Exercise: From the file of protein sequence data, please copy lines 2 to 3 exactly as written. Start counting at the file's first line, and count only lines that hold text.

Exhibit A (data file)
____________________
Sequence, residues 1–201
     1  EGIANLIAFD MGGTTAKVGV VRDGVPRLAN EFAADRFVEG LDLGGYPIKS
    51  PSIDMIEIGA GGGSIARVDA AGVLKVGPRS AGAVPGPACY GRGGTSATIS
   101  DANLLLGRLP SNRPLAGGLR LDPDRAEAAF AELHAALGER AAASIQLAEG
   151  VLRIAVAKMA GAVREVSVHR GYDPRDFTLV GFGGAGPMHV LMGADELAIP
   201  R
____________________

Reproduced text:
     1  EGIANLIAFD MGGTTAKVGV VRDGVPRLAN EFAADRFVEG LDLGGYPIKS
    51  PSIDMIEIGA GGGSIARVDA AGVLKVGPRS AGAVPGPACY GRGGTSATIS